- Obtaining immediate assistance from medical personnel who operate in the ambulance service
Easy access to NHS has been affected by the rising cases of infection, difficulty in hospital admission, and increasing costs.
In light of the NHS’s present strains and longer wait times, an increasing number of employers are considering private healthcare options to ensure that their employees have quick access to healthcare advice and treatment when they need it most.
This outlook by employers is an adaptation to the modified priorities of employees’ health care benefits.
Ranked 7th in the survey of 2018, career development ranked 3rd in the recent study. This change in priority could be based on the adaptations of jobs to remote settings due to the pandemic.
Employees saw the need for their employers to improve this benefit as most found it challenging to adjust to the remote work life.
Employers have launched career development programs that connect the organization’s continuing training and development strategies with employees’ career goals. This career development program is tailored to match the firm’s specific objectives and expectations.
Flexible working wasn’t considered in the 2018 survey; however, this was included in the 2021 survey list of benefits employees found important.
Flexible working refers to a form of work arrangement in which employees control how long, where, when, and when they work.
Working practices that are flexible include:
- Working part-time: When an employer agrees to work fewer than full-time hours, this is part-time work.
- Term-time employment: a person is employed permanently but has the option of taking paid or unpaid time off during the school year.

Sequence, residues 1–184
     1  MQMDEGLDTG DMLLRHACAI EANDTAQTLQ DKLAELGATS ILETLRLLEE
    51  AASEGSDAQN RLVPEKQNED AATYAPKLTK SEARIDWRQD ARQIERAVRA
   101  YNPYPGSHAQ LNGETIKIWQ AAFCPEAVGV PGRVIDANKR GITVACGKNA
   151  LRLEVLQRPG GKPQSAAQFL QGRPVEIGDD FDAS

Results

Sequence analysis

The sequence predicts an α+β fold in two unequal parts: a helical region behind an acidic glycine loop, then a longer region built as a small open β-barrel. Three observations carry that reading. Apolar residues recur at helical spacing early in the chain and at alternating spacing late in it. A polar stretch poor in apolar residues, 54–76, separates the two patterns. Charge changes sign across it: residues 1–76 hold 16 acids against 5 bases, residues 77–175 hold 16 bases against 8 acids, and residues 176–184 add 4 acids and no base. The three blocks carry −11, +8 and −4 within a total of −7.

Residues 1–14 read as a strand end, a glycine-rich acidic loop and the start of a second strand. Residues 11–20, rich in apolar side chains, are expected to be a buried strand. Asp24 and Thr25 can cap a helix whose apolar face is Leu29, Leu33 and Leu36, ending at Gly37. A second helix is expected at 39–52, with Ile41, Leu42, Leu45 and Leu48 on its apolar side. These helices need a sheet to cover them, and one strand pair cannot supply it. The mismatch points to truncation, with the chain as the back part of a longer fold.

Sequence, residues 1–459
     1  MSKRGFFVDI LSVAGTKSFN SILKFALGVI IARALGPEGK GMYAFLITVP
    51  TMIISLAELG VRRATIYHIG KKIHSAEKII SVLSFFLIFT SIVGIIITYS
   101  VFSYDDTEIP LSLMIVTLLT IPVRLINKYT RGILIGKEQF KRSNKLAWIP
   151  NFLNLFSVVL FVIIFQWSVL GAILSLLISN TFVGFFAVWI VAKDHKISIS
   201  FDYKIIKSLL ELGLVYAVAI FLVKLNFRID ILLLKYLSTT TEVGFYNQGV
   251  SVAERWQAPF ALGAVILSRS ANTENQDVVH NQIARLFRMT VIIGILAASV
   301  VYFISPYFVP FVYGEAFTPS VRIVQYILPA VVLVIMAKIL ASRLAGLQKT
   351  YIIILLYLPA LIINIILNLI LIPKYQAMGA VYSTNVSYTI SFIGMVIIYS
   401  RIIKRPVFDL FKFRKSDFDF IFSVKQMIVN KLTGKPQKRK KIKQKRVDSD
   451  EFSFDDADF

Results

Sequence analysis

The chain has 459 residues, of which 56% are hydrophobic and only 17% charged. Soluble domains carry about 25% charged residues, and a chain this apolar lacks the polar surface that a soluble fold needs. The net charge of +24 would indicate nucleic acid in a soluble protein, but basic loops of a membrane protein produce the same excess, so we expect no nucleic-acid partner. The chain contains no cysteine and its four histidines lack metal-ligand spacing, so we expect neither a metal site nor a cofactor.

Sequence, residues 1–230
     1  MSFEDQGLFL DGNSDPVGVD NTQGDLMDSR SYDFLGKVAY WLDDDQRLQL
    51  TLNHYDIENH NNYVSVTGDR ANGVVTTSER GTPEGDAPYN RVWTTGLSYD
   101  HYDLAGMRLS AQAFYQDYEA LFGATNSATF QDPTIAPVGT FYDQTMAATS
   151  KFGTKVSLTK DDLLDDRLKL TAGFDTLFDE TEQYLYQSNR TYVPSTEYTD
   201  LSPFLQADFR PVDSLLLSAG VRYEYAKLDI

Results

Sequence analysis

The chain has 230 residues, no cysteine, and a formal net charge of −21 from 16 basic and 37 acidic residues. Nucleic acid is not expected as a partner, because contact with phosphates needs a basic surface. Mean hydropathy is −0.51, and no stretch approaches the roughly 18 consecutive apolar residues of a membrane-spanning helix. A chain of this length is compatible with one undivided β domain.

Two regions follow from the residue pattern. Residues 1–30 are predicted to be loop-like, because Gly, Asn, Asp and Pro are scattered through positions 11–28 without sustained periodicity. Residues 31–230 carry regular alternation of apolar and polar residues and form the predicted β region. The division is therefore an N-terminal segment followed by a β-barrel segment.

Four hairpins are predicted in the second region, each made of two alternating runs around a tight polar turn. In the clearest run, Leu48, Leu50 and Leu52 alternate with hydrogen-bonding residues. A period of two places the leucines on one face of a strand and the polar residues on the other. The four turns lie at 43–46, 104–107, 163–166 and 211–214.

- Job-sharing is part-time labor in which two (or sometimes more) persons share responsibility for a job.
- Employees can select when they want to start and stop working as long as they stay inside defined parameters.
- Compressed working weeks (or fortnights) don’t always imply a reduction in overall hours or an increase in individual control over which hours are worked.
This benefit gained popularity with the adjusted work schedules as a result of the COVID pandemic.
What benefits do employees want now?
Employees differed on what benefits they wanted now. Age and gender played a considerable role in this difference.
Fifty-four plus-year-olds viewed healthcare as a top priority, while 18-24-year-olds viewed enhanced leave as a top priority.
Female employees viewed enhanced leave as the most vital benefit while the male employees voted healthcare and insurance as their immediate necessity.
Despite these differences, data showed that the list below is of top priority in 2021
- Enhanced Leave
- Healthcare and Insurance
- Flexible working
- Career Development
- Social wellbeing.
Employees are the foundation of a company’s success. Failure of employers to recognize the changes employees want to their benefit structure will lead to inefficiencies and failure to thrive.
Employers need to adapt to the ever-changing workplace reality.